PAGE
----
August 8, 2017
Preparing for job interviews can seem overwhelming. You have the education, the skills and the knowledge that this is a position you're qualified for. But how do you gain the confidence that will convince your future employer you're the applicant they've been waiting for? Using the STAR method to prepare yourself for your interview will leave you feeling capable and confident enough to win over interviewers and secure the position you've got your eyes on.
As you prepare for your job interview, try breaking down your skills-based anecdotes into answers that follow the STAR (Situation, Task, Action, Result) method. This technique is an ordered way to respond to behavioral questions more companies are putting into use. The questions you'll be asked during behavioral interviews will be applicable to situations you may encounter in the position you're applying for. Your answers will give them better insight into the type of employee you are and if you would be a right fit for not only the position but for the company. The skills that employers are looking for in behavioral interviews include leadership, communication, planning and organization, as well as critical thinking and team building.
Using this method, you can respond to an interview question successfully in a way that details the situation, task, action and result of a specific example using past experiences. Kim Coffey, a career advisor at Southern New Hampshire University (SNHU), suggests those new to the STAR method should begin by writing out four scenarios. You should have both a positive and negative example of a situation where you worked with others. Similarly, you should detail a task that was successful and illustrate a task that failed.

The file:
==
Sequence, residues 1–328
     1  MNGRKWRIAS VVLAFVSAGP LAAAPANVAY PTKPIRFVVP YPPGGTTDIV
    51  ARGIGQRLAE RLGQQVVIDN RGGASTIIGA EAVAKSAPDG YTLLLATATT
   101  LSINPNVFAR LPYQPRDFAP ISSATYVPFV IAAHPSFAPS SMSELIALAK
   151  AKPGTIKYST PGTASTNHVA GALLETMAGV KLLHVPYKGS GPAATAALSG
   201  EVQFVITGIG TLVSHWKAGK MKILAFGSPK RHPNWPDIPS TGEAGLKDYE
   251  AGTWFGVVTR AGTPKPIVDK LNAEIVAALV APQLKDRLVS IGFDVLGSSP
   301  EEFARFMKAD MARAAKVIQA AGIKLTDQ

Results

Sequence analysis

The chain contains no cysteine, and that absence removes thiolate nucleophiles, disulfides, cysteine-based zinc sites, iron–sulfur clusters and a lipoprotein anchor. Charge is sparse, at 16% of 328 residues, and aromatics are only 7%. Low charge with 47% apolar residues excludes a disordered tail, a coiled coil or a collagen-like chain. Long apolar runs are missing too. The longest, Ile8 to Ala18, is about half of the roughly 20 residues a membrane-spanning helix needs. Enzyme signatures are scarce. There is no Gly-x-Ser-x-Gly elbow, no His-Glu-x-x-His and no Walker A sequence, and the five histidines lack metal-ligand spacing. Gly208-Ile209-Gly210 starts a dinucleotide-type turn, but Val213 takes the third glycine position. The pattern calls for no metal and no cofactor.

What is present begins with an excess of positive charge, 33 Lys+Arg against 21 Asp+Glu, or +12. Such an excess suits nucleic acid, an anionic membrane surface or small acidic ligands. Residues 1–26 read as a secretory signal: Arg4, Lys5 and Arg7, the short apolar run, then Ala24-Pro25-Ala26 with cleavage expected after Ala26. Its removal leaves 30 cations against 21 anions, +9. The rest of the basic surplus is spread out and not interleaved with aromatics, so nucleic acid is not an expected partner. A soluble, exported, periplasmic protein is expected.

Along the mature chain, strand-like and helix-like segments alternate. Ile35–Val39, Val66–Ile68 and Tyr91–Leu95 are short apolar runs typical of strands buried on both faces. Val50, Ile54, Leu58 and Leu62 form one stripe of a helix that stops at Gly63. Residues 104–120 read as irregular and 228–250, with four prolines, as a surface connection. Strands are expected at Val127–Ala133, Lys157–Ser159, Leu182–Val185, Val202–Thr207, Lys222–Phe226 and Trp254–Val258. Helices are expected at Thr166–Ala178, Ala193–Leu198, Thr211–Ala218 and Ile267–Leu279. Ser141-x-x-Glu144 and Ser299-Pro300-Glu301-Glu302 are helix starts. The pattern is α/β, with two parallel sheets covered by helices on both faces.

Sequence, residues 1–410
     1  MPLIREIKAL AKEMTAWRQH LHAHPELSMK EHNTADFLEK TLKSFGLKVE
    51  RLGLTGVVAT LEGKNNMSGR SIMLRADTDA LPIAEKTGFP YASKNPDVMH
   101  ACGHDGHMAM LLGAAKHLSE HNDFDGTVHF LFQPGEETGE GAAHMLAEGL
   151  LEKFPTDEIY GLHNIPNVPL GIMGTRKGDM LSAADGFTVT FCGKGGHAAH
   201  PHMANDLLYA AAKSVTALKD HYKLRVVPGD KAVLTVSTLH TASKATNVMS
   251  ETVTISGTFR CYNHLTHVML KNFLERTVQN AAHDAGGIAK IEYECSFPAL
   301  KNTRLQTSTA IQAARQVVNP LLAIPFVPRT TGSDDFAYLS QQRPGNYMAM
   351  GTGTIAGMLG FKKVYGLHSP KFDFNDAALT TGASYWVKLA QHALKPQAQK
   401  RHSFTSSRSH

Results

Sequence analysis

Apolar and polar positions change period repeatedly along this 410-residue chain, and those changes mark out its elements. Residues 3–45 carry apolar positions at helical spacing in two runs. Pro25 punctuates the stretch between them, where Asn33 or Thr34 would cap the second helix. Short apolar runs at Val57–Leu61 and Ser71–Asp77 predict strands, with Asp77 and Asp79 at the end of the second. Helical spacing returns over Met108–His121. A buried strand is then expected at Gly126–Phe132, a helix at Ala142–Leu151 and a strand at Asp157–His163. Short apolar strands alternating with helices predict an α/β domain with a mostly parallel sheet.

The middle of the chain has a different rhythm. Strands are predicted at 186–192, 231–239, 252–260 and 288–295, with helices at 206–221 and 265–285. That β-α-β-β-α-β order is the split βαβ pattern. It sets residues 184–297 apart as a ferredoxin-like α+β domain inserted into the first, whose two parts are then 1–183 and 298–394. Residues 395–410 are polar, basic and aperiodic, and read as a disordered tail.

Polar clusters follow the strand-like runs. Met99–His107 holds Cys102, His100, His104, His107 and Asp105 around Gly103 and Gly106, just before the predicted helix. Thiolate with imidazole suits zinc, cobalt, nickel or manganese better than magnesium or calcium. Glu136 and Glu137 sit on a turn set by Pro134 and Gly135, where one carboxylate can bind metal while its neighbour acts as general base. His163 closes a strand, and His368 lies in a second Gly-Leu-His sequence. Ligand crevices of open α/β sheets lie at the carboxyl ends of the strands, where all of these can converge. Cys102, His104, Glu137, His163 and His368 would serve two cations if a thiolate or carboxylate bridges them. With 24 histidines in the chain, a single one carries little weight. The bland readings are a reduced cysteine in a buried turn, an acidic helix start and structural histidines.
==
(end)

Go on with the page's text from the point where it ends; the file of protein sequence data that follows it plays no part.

An interviewer asks you to describe a time where you had to step up into a position of responsibility and to explain the negative and positive outcomes of that experience.
Coffey recommended looking past the negatives of the situation to bring the answer back around in a way that will look favorably on you and prove your ability to overcome adversity. "Instead, you want to focus on what you learned from the situation to avoid it again in the future, and right any wrongs so that you end the story on that positive note."
To make sure you're fully prepared for your job interview, you're going to have to invest time in yourself by looking back at your past experiences to find specific examples that highlight your abilities. Coffey said you should have a few examples from those four base scenarios to pull from. "Writing them out is a way to get people to realize all of the wonderful details that go into each story and helps them to realize the impact that their actions had and any takeaways for the result," Coffey said.
Remember that preparation leads to confidence. By practicing for your interview using the STAR method, you'll be more self-assured on the day of your job interview, giving you an edge on the competition.
Ashley Wallis is an Army veteran and writer with a BA in English Language and Literature from SNHU. She is currently living in the Denver area. Find her on twitter @AshDWallis.
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